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Bats and Coronavirus

These bat-watchers in Austin, Texas likely do not suspect that all those bats are vectors of many viruses.  Congress Avenue Bridge at dusk.  Photo:  Peter Potrowl.
If previous outbreaks of coronavirus are any indication, the Wuhan strain that is now spreading may eventually be traced back to bats.  China, with over 1.4 billion people and 100+ species of bats in an area roughly the size of the continental USA (excluding Alaska) is emerging as a lethal threat to world health with new viruses emerging every few years.  

Imagine how crowded you'd feel if there were 1.1 billion additional Americans crammed into the lower 48.  Perhaps the bats of China feel the same way.  Nature has a way of evening out the odds for species survival despite modern human's ability to adapt to emerging threats.  So how do bats survive viruses?

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Red-flying Fox bats (Pteropus scapulatus)
Photo:  Bob Stefko.
The Cost of Flying:
How do Bats Survive Viruses?
Bats are considered the probable source of the coronavirus outbreak spreading from China. How do they survive?  Bats may have an immune system that lets them coexist with many disease-causing viruses.

Dr. Peter Daszak, president of EcoHealth Alliance, who has been working in China for 15 years studying diseases that jump from animals to people, said, “We don’t know the source yet, but there’s pretty strong evidence that this is a bat origin coronavirus.” He said, “It’s probably going to be the Chinese horseshoe bat,” a common species that weighs up to an ounce.

If he’s right, this strain will join many other viruses that bats carry. SARS and MERS epidemics were caused by bat coronaviruses, as was a highly destructive viral epidemic in pigs.

One bat can host many different viruses without getting sick. They are the natural reservoir for the Marburg virus, and Nipah and Hendra viruses, which have caused human disease and outbreaks in Africa, Malaysia, Bangladesh and Australia. They are thought to be the natural reservoir for the Ebola virus. They also carry the rabies virus, but in that case the bats are affected by the disease.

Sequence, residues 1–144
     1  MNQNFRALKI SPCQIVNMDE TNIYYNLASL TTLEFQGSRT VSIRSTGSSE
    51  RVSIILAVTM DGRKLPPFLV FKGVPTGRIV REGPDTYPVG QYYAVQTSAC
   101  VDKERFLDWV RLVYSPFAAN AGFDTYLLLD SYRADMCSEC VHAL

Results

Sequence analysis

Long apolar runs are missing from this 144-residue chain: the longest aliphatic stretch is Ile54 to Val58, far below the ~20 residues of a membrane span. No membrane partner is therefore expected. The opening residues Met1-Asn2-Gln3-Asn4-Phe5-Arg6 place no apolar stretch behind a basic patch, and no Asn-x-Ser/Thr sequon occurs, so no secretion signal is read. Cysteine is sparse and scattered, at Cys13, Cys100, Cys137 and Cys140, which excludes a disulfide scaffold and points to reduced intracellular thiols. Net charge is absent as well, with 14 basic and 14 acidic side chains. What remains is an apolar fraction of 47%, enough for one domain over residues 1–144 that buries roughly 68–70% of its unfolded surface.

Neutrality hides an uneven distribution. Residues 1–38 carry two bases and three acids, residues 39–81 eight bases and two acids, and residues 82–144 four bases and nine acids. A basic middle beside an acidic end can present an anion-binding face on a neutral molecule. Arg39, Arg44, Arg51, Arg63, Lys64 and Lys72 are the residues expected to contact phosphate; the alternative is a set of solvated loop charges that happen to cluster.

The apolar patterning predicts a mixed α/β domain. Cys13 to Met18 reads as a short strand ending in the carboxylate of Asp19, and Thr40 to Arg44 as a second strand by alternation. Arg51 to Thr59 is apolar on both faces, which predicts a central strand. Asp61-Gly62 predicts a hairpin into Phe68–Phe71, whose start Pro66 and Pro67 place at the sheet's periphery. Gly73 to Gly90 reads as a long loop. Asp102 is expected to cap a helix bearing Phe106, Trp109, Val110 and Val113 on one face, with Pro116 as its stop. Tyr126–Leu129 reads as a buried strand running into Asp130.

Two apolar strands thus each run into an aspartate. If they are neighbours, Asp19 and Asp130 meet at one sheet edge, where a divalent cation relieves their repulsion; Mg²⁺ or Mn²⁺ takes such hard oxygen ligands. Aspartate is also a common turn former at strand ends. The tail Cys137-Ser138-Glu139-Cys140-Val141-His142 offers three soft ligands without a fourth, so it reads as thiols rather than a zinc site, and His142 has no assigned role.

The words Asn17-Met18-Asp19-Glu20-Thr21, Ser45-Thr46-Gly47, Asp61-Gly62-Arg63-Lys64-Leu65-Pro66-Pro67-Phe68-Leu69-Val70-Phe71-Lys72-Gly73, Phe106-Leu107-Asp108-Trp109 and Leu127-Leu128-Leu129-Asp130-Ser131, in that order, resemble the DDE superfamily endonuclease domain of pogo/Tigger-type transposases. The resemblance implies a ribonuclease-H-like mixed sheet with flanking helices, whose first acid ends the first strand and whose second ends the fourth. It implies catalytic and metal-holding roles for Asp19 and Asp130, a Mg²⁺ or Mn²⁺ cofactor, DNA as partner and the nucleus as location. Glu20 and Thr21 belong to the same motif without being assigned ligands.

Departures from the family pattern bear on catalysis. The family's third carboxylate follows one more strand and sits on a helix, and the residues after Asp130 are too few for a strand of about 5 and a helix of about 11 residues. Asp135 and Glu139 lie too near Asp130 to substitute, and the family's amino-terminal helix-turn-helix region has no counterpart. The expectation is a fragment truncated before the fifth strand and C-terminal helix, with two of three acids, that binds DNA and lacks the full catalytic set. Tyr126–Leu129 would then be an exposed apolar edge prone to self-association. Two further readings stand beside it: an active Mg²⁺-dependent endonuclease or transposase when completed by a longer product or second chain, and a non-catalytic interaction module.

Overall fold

What Makes Bats the Perfect Hosts for Viruses?
Bats have been known to host up to 137 different kinds of viruses.
What makes bats the perfect hosts for so many viruses?
Their tolerance of viruses, which surpasses that of other mammals, is one of their many distinctive qualities. They are the only flying mammals, they devour disease-carrying insects by the ton, and they are essential in the pollination of many fruits, like bananas, avocados and mangoes. They are also an incredibly diverse group, making up about a quarter of all mammalian species.

But their ability to coexist with viruses that can spill over to other animals, in particular humans, can have devastating consequences when we eat them, trade them in livestock markets and invade their territory.

Learning how they carry and survive so many viruses has been a deep question for science, and new research suggests that the answer may be how the bats’ evolutionary adaptations to flight changed their immune systems.
Bats soaring across a dusk sky.
Photo:  Ann Froschauer/USFWS.

In Dampened STING-Dependent Interferon Activation in Bats, Xie et al., scientists in China and Singapore, reported their investigation of how bats handle something called DNA sensing. The energy demands of flight are so great that cells in the body break down and release bits of DNA that are then floating around where they shouldn’t be. 

Mammals, including bats, have ways to identify and respond to such bits of DNA, which might indicate an invasion of a disease-causing organism. But in bats, they found, evolution has weakened that system, which would normally cause inflammation as it fought the viruses.

Bats have lost some genes involved in that response, which makes sense because the inflammation itself can be very damaging to the body. They have a weakened response but it is still there. Thus, the researchers write, this weakened response may allow them to maintain a “balanced state of ‘effective response’ but not ‘over response’ against viruses.”
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